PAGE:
Germany reported soft April IP. It came in at 0.3% m/m vs. 0.6% expected and a revised -2.1% (was -3.4%) in March. Elsewhere, Italy reported April retail sales at 0.2% m/m vs. 0.3% expected and flat in March. Italy reports April IP Friday and is expected at 0.2% m/m vs. -0.6% in March. Eurozone IP will be reported June 14.
The Turkish lira remains under pressure. Despite attempts by the government to create a more market-friendly economic team, it’s clear that the markets (including us) remain very skeptical. USD/TRY spiked to a new record high near 23.17 after state banks reportedly pulled back their support of the lira. On the other hand, Turkish equities and bonds have rallied today. It’s possible that allowing further lira weakness is a sign of a new regime change but simply put, we do not think policymakers will be able to enact the kind of shock treatment that’s needed to stabilize the economy after years of mismanagement.
Japan Prime Minister Kishida unveiled a long list of policy proposals. The package is expected to be approved by the cabinet in mid-June and will certainly feed into the notion of early elections. That said, the proposals and targets are fairly vague and contain no details of how they will be funded. The package focuses on many challenges to be addressed, including childcare policy, labor market reform, supply chains, and the green transformation of its economy. Kishida stressed that “We want to solve social issues, and by doing so create new growth engines, and build a more sustainable and inclusive society.” However, these proposals will eventually be at odds with the government’s existing goal of fiscal health and a primary balance by FY25. Stay tuned.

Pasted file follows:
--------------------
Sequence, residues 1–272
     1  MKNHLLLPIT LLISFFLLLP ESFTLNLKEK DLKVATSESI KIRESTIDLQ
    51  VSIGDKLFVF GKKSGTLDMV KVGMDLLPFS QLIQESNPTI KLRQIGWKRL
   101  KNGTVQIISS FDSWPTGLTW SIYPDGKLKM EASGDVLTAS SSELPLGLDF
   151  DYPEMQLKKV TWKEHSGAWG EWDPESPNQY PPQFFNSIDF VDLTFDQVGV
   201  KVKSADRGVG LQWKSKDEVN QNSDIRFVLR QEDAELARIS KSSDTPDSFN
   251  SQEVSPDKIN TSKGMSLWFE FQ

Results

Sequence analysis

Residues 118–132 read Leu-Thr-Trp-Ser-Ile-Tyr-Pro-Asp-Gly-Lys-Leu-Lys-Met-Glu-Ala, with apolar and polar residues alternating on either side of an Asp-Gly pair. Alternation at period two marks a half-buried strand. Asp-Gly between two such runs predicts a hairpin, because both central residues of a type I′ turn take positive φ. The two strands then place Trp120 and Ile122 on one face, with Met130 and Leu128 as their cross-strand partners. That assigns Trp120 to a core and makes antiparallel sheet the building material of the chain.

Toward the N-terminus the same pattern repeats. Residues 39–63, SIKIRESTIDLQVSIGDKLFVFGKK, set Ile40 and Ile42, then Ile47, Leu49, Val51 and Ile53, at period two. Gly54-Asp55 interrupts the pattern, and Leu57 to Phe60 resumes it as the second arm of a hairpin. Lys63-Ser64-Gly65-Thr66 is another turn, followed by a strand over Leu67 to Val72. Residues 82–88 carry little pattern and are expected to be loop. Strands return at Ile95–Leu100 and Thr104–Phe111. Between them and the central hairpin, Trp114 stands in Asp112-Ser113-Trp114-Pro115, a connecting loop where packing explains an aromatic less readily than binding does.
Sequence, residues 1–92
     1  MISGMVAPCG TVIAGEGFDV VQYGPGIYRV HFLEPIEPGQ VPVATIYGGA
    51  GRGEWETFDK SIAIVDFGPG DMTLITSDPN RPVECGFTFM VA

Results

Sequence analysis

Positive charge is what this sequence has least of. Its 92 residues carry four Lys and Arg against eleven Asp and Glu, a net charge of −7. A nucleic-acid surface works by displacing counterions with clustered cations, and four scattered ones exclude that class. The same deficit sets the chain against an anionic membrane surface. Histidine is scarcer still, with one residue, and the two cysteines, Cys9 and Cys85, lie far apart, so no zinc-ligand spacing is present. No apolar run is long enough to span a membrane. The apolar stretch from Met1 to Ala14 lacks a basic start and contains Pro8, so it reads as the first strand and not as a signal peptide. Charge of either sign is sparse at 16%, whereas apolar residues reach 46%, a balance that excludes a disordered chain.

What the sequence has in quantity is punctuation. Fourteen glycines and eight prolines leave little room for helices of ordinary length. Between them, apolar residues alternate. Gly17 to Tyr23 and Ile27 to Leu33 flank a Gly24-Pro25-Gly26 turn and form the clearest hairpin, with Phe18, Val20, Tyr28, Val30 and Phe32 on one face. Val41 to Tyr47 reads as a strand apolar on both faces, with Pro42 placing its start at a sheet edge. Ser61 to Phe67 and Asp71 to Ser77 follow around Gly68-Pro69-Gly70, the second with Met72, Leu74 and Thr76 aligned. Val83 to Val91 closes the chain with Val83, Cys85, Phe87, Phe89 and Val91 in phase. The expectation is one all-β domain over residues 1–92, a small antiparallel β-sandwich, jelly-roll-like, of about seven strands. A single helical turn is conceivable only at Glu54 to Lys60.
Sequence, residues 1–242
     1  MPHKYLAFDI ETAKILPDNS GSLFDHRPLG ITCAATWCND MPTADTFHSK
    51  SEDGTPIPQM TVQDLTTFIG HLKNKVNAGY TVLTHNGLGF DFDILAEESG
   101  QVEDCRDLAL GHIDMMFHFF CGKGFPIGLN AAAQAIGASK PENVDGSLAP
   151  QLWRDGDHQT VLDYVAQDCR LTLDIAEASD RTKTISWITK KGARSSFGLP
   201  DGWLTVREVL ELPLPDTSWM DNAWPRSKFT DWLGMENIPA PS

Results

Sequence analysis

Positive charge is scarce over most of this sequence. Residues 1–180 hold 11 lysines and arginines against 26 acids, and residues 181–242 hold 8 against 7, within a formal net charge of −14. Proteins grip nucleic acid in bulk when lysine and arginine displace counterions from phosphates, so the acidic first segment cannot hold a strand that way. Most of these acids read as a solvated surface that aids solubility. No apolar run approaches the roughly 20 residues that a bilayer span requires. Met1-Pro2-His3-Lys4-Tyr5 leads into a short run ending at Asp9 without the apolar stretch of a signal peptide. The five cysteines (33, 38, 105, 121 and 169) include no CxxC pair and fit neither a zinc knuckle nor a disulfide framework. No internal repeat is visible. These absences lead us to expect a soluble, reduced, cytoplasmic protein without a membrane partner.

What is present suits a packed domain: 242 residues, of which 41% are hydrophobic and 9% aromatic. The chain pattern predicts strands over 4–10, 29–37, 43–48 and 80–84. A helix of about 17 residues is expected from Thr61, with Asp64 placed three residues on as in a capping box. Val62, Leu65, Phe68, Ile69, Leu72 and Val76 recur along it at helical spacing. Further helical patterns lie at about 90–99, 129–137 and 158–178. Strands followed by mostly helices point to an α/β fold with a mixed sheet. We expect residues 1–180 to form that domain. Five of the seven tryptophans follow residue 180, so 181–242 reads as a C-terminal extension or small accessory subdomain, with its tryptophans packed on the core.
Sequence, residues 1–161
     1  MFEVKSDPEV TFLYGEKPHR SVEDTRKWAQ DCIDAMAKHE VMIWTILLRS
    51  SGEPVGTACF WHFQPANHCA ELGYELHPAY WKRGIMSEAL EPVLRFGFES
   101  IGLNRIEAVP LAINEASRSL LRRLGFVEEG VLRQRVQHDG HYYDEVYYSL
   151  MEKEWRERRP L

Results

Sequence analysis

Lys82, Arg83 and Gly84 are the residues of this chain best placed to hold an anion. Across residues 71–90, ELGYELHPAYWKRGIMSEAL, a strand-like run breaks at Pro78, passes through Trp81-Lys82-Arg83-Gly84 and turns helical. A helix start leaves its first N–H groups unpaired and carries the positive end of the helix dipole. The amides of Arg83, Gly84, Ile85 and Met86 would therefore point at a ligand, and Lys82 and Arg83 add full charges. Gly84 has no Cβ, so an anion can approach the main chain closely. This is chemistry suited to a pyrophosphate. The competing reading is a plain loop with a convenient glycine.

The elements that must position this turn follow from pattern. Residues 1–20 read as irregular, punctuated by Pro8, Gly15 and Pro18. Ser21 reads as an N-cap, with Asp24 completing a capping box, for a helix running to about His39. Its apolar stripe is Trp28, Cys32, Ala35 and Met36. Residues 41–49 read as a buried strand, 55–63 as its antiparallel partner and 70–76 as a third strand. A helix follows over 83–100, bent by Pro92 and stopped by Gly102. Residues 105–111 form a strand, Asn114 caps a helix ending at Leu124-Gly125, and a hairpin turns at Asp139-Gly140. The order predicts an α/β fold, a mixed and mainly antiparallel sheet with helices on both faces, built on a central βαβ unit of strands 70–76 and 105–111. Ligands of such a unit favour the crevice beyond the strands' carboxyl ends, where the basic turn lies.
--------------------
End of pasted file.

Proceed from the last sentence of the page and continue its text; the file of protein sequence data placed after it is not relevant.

Reserve Bank of Australia Governor Lowe sounded much more hawkish. Lowe said “We want to get inflation back to target within a couple of years and that hasn’t changed. What has changed over the past couple of months is our assessment of the risks. We have been prepared to be patient in getting inflation back to target but our patience has a limit and the risks are testing that limit.” Lowe added that “The desire to preserve the gains in the labor market does not mean that the board will tolerate higher inflation persisting,” This change in tone basically encapsulates what almost every central banker is feeling right now. No policymaker wants to risk a recession, but the balance of risks are clearly tilted towards too-high inflation right now, not just in Australia but globally. WIRP suggests nearly 25% odds of a hike at the next meeting July 4, rising to nearly 75% August 1 and fully priced in for September 5. Odds of another 25 bp hike after that top out near 10% for November 7 but are clearly subject to change.
Australia reported Q1 GDP data. Growth came in at 0.2% q/q vs. 0.3% expected and a revised 0.6% (was 0.5%) in Q4, while the y/y rate came in at 2.3% vs. 2.4% expected and a revised 2.6% (was 2.7%) in Q4. This was the slowest y/y rate since Q1 2021 and so it’s clear that despite slowing growth, the RBA’s primary focus remains on lowering inflation.
China reported soft May trade data. Exports came in at -7.5% y/y vs. -1.8% expected and 8.5% in April, while imports came in at -4.5% y/y vs. -8.0% expected and -7.9% in April. We have been skeptical of the recent gains in mainland exports, which did not jibe with soft trade data from its major trading partners. The May readings are much more consistent with its regional peers and support our view that the mainland economy continues to struggle.